This year our major projects will be outside ones where as well as sorting out an overgrown garden and orchard, there are terraces to build, carport to build, fences to install and the major task renovate and paint the outside of the house.

At the moment when the weather has been amenable to carrying out such tasks pruning is the on going task which I have been helping David with on the occasions I have emerged from hibernation! Some of the plants are new to us so we have had some lessons from Bruno, in fact he has been here this afternoon advising David and giving us fruit and vegetable supplies. Blogs on the pruning and the Annual Pig lunch to follow shortly but not today as I am off to tend to the fire and curl up with my book for awhile. Hibernating is not so bad.

The latest fruit and vegetable offering from our wonderful neighbours whom you often read about here.

Monday, January 25, 2010

Road Trip to UK Part Five

Homeward Bound
January 4th 2010.

Olive Oil distributed to family and friends, Christmas and New Year behind us, it was time to start the long drive home.
We had decided on the journey northwards that this trip we would take an extra day and not have to cover so many kilometers each day, therefore making the journey not so tiring.

Having booked hotels in advance we did the journey in reverse, in easy stages Calais- Nancy-Como. We left Suffolk mid morning and were in our hotel in Calais before it got dark that afternoon, leaving us with time for a walk, then relaxing in the bar for awhile before supper. We both had the days special some deliciously tasty lamb chops, a meat we do not eat much of these days, as here in Italy it only tends to be available at holiday times such as Christmas and Easter.
On Tuesday morning we did not leave until 10am and with plenty of stops during the day we were in our hotel in Nancy by mid afternoon. On our way home at this time last year we had the most horrendous journey as there was rather a lot of snow. Luckily this year it seems we were just a day or so ahead of the worst snow northern France has seen for some years.
There was evidence of snow hanging around all the way, no wonder it had not melted it was bitterly cold and remained below freezing all day.
There is a stretch of motorway in northern France that has roadside art, which I have always thought rather interesting, so this year I actually took the time to take some photographs.

Northern France also thanks to its vast acres of space seems to have in recent years embraced the idea of wind farms. There are certainly many more than we first started driving this route. I think they are rather impressive.

Once again we ate well in the hotel restaurant in Nancy, both enjoying buffet salads followed by a steak dish with rice, green beans, a stuffed tomato and one of those rich sauces that the French have a way with!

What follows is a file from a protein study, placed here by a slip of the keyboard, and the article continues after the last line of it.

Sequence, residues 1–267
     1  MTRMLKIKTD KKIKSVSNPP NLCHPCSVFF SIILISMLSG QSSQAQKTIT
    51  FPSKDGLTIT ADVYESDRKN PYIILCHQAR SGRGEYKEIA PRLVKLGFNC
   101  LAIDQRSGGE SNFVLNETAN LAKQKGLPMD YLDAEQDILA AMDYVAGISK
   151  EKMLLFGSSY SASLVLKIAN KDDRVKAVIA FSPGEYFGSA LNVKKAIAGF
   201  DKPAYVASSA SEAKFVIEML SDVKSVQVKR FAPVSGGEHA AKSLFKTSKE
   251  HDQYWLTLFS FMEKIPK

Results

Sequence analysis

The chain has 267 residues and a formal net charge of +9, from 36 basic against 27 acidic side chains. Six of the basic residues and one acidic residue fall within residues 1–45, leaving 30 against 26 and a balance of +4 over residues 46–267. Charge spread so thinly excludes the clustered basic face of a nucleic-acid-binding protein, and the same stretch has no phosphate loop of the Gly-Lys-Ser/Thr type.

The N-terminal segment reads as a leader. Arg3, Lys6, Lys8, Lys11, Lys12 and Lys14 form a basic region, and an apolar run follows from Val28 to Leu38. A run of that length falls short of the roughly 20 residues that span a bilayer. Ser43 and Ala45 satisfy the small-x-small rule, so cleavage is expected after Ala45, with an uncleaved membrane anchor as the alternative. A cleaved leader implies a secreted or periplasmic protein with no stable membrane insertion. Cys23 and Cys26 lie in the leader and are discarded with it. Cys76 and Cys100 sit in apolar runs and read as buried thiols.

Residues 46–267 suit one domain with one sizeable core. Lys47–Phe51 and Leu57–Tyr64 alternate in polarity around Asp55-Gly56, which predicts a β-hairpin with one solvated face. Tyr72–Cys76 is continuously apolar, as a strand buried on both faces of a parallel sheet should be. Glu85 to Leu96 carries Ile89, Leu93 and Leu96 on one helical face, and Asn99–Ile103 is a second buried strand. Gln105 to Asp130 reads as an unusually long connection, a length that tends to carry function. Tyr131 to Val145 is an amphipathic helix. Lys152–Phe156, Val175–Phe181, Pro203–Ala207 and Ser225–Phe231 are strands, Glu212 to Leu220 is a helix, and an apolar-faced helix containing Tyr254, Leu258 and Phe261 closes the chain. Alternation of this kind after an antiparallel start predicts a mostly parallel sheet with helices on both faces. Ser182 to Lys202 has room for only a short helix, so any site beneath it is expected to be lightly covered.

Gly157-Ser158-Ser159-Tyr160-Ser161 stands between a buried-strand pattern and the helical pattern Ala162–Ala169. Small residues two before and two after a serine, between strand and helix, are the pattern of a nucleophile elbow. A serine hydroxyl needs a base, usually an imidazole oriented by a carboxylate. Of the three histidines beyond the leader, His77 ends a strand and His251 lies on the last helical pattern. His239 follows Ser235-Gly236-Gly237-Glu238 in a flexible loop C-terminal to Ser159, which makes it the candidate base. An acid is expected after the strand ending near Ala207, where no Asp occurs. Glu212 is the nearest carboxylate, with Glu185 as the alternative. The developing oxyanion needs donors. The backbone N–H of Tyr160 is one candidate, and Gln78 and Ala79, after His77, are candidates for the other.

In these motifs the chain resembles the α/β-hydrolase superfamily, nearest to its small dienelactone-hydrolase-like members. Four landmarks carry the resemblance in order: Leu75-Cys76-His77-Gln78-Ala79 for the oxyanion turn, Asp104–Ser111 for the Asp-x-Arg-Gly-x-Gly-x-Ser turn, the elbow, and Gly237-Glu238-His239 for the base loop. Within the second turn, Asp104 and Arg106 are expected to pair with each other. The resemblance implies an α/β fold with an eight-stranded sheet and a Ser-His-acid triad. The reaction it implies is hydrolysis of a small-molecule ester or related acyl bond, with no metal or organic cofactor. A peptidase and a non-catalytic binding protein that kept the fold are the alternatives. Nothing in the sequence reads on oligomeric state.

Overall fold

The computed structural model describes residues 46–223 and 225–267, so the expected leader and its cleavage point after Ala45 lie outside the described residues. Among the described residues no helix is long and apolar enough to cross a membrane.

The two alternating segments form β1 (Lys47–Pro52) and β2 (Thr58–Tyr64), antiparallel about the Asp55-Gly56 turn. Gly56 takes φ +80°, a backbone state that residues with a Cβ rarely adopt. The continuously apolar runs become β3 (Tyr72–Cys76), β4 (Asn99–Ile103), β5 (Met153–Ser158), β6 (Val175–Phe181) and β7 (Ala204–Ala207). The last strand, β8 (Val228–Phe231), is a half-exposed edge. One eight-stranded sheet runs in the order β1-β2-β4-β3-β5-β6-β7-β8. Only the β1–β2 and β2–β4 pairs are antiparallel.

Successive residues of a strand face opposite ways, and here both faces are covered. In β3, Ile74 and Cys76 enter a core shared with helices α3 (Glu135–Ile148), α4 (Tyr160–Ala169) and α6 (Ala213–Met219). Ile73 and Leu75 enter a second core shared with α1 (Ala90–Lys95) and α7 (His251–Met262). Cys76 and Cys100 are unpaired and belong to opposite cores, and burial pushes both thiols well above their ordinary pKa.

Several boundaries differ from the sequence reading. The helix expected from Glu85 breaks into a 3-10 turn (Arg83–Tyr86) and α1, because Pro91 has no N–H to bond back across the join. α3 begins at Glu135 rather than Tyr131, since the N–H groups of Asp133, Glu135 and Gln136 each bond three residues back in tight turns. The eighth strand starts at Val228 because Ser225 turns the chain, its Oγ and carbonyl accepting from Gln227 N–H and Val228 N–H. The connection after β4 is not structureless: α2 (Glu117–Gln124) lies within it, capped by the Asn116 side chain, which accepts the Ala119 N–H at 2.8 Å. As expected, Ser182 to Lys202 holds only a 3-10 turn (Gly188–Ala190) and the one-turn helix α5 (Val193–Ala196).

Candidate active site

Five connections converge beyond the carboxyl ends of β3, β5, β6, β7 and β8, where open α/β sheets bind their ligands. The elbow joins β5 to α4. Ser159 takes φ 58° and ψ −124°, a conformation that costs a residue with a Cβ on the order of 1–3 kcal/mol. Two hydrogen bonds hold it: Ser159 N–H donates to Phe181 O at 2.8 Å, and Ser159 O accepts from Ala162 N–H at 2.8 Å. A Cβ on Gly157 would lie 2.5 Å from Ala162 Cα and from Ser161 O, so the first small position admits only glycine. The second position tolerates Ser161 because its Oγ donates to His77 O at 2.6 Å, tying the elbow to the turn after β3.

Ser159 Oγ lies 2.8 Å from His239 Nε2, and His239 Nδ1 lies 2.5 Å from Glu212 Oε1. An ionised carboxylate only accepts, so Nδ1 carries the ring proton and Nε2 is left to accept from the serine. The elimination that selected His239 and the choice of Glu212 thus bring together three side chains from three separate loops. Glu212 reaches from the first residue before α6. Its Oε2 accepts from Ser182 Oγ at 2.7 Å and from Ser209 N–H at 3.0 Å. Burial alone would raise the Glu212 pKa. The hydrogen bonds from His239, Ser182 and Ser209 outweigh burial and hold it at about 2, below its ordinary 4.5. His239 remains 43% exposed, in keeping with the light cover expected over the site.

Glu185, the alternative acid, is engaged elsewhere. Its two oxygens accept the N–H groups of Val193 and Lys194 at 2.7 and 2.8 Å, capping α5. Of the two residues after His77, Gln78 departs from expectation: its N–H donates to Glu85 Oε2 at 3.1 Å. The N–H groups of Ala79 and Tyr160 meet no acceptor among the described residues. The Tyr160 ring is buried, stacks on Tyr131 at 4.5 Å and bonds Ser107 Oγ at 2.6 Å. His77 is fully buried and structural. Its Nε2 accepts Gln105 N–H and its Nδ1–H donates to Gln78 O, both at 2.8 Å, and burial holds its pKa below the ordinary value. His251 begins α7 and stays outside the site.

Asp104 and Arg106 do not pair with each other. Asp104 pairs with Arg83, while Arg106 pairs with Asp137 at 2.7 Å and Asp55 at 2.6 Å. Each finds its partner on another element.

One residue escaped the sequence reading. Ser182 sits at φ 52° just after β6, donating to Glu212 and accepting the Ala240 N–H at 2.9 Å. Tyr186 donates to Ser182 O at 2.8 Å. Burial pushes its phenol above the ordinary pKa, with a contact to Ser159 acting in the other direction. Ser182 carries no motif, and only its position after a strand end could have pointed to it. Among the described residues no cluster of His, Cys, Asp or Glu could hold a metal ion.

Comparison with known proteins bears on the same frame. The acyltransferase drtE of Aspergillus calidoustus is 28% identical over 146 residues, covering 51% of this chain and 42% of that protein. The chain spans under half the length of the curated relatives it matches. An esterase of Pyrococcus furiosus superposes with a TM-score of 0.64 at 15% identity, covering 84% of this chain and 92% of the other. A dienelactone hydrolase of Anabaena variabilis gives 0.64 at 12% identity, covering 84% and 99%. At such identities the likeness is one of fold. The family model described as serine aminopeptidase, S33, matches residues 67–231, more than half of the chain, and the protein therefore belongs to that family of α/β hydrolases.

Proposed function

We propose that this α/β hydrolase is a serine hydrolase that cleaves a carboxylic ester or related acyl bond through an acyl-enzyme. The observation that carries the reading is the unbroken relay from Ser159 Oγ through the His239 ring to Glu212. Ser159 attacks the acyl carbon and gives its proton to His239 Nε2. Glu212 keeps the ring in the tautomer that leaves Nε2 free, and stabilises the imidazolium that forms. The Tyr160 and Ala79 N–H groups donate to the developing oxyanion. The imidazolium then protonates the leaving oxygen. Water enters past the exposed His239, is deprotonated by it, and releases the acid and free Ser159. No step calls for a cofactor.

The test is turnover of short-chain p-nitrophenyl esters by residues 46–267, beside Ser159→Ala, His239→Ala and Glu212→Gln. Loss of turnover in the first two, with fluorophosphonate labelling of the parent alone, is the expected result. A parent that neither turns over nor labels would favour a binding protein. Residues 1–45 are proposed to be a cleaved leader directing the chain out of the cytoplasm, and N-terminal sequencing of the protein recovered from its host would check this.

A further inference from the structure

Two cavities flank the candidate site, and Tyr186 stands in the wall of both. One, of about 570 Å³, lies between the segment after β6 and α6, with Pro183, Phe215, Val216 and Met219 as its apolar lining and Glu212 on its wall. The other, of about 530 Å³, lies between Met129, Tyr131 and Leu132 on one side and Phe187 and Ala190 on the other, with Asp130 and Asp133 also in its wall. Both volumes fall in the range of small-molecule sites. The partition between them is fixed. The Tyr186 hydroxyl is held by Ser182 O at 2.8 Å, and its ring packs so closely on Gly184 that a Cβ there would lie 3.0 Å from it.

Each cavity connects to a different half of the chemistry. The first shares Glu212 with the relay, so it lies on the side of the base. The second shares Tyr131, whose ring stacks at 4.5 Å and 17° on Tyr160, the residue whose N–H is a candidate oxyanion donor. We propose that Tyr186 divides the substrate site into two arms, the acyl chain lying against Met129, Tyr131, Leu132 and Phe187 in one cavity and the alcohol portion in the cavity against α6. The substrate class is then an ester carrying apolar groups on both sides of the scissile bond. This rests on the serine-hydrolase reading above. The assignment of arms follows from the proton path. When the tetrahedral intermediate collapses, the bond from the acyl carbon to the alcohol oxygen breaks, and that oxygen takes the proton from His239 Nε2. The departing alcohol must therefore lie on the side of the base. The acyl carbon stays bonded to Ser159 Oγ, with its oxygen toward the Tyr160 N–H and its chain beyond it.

On Wednesday morning we had an earlier start as the journey from Nancy down to Como is a more mountainous one, the first part from Nancy was a rural cross country route before re joining the motorway then through Switzerland, through San Gottardo Tunnel then on past the lakes to the hotel just south of Como, back in Italy for our last night on the road. I will gloss over that nights meal as we were very disappointed, not for the first time at this hotel, but we had decided to give it another chance because of its convenient location on our route. Last chance we will not be staying there again.
More photos of that days journey through France and Switzerland for those of you that are not yet fed up with snow photos, just joking not all snow by any means! The first one is of flooding near Metz, presumably after the snow they had earlier had melted.

Mistletoe was in plentiful supply in that part of France

Snow in Switzerland

Frozen Waterfall

This next photo is of a power station we always pass on the way from the San Gottardo Tunnel and every time I wonder why such a building comes to be decorated in such a way.

Afternoon light on the Lago di Lugano

We had an easy journey home on Thursday, snow still hanging around until near Firenze. As we drove south and on into Tuscany, Umbria and Lazio there was more and more evidence of  excessive rainfall over the last few weeks causing flooding. We were unable to come home via our normal route through the village of Bormazo ( must visit the monster park again so that I can Blog about it) as the motorway exit at Attigliano  was closed due to flooding. I managed to get some photos, it was pretty serious.

The final photos are of the flooding between Orvieto and Attigliano.

Finally Madonna at Attigliano Motorway Exit 

We were home by mid afternoon as anticipated, generally everything was fine considering how much rain had fallen while we were away.  The house was unsurprisingly very cold and damp in places that this time last year were not even habitable rooms.

Since getting home just over two weeks ago we have been busy getting ourselves organized and settling back into routines after our twenty-six day road trip.

Friday, January 22, 2010

Road Trip to UK Part Four

New Year

On New Year’s Eve we left Salisbury and drove up to Surrey to spend a few hours with David’s parents before driving on up to Suffolk.
We were to spend a few days with our friends Steve and Sue our most regular visitors to stay in Italy since we moved out six years ago, as fortunately for us, they either enjoy our company or like us have fallen for the area, hopefully both. They were last out with us in September for the first time driving down. http://lindyloumac.blogspot.com/2009/09/september.html. When we visit the UK by car we usually visit them, unfortunately circumstances last year meant we were unable to, so we were delighted to be able to chill out with them in Suffolk and recharge our batteries before the long drive home.
We had a very relaxing time with them starting with a delicious meal for the four of us that evening followed by the London Fireworks on television, plus some locally and the bonus was it started to snow. It seemed pretty and somehow fitting then but I know that some of you reading this were soon to have had more than enough of the sight of snow!
New Years Day 2010 was spent very quietly relaxing in the comfortable home that Steve and Sue have made from a barn conversion. We did make the effort to take some exercise though by going for a walk.